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AU: The company bringing exotic fruits to the marketplace
When a local fresh produce worker identified a gap in Australia for quality exotic fruits, he set up his own company to provide better access to the marketplace.
Rohan Bicknell established Produce Art two years ago, which aims to bring fruit that is often considered to be from "left field" to consumers in Australia and the rest of the world.
"We are looking to push some boundaries that haven't been pushed before and we are doing it quite well," Mr Bicknell said. "Being involved in a range of areas in the fresh produce world such as, imports, exports, interstate and wholesale domestic trading, online retail, and establishing a range of processed products. Produce Art has been able to cater well for growers and other suppliers. We push a lot of fruit that would not get a lot of money in the market through as many channels as we can to give our growers the best return possible.”
One of the main focuses for the company is Feijoa and, while it is not grown as widely here as in New Zealand, the elusive fruit is gaining in popularity in Australia and further afield.
"Australia is still very small, we only produce 10-20 per cent of what New Zealand does," Mr Bicknell said. "However as returns to growers have increased in the last five years the fruit is starting to be taken more seriously and there are certainly lots of people in Australia, mainly the large NZ expat community, that want access to the fruit nearly obsessively. With some serious plantings in WA I can see export becoming a potential in the near future. At the moment, New Zealand does a good job with exporting.”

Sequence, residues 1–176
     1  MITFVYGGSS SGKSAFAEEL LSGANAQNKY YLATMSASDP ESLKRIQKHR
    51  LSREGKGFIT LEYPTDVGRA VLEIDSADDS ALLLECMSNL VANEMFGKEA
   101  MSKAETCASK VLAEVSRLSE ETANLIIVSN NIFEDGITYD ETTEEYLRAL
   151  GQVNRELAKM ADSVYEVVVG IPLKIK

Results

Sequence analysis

Mr Bicknell admits the main focus for his marketing for the Feijoa is online, where he is already seeing a growth in sales through the portal ‘Feijoa Addiction’.
"These days it is getting quite popular, to the point that we've got over 7,000 followers on Facebook," he said. "We would probably move about a tonne of fruit just through the website a week in Feijoa season."
The company also recognises the importance of a delivery system where produce is grown and packaged on site and delivered direct to the customer or with less handling.
Australian coconuts is another line that Produce Art has been experimenting with. Although not as popular as the Feijoa, coconut is gaining more popularity in the health food market.
“Our Australian coconuts are wild-harvested from North Queensland by a selection of professional coconutters," Mr Bicknell said. "The drinking coconuts we get are still alive for up to 4 weeks and take 3 days to get to us in Brisbane where we distribute. So good luck trying to get fresher.”
Mr Bicknell pointed out that price of the coconuts has been the biggest issue however, with promotions, they plan to get the word out about how good they are.
Produce Art is also looking to create new markets locally and globally with other exotic fruits, such as Hawaiian Guavas, Persimmon, Custard Apple, Lychee, Dragon fruit, Jujube, Rambutan, Longan, Avocado and Mangoes. Recently Produce Art has started its own range of packaging where the aim is to supply to growers to make produce more presentable to buyers and consumers ultimately making better returns for the produce.
For more information:
Phone: +61 428 670 183
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